Beirut Airport Bans Boeing 737 Max after Ethiopia Crash
By Staff, Agencies
The Directorate General of Civil Aviation Wednesday grounded the Boeing 737 Max at Beirut's airport and banned the model from using Lebanese airspace.
According to the Daily Star, Director-General of the DGCA Mohammed Chehabeddine said he issued a circular to all airlines that the aircraft is not allowed to land in or use Lebanese airspace, after an Ethiopian Airlines flight on the Boeing jetliner crashed in Ethiopia Sunday, killing 157 people. The cause of the crash, which followed another disaster involving a 737 Max 8 five months ago in Indonesia that killed 189 people, remains unknown.
There is no evidence yet whether the two crashes are linked.
Six Flydubai flights that were set to depart Wednesday from Beirut to the United Arab Emirates’ Dubai and Jebel Ali were canceled, according to the Beirut airport’s website. Flydubai operates the Boeing 737-800 and Boeing 737 Max 8, according to fleet information on its website. The airline could not be immediately reached for comment.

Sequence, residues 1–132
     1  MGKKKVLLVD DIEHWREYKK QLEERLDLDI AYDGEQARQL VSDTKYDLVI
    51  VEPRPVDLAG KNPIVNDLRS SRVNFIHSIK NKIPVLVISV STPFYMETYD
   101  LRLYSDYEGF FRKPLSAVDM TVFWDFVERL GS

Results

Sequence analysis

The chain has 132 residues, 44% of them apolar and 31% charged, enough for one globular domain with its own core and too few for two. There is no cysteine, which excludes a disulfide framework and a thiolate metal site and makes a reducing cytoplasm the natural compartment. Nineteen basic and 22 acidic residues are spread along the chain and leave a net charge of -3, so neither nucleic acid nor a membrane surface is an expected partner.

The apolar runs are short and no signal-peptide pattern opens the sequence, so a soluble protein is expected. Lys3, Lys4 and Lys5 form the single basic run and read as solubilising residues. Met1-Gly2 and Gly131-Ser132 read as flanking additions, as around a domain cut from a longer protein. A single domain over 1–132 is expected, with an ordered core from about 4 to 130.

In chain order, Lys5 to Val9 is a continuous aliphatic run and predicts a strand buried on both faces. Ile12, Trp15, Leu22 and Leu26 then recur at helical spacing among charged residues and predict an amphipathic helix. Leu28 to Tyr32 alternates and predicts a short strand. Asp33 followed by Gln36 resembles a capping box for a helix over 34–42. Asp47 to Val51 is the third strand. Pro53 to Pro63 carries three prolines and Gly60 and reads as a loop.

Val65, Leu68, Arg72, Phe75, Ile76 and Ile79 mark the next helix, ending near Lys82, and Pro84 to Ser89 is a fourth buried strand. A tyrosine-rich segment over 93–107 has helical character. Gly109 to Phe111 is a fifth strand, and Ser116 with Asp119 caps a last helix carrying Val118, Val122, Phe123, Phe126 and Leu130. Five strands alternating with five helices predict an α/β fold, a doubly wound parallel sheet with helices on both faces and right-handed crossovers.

The only other flights canceled Wednesday at Beirut’s airport were two Air Arabia flights. However, according to Air Arabia’s website, its fleet consists only of Airbus A320s.
Lebanon’s decision to ban the aircraft comes after the 737 Max 8 was grounded by the entire European Union, as well as Asian and Middle Eastern governments.
Oman, Norwegian Air Shuttle and South Korean airline Eastar Jet were among the latest carriers to halt use of the Boeing model. Turkey, Kuwait, the United Arab Emirates, Ireland, the Netherlands, Malaysia, Australia and Singapore suspended all flights into or out of their cities.
In 2010, another Ethiopian Airlines jet, a Boeing 737-800, crashed into the Mediterranean Sea less than five minutes after taking off from Beirut’s Rafik Hariri International Airport bound for Addis Ababa, killing all on board including 54 Lebanese nationals.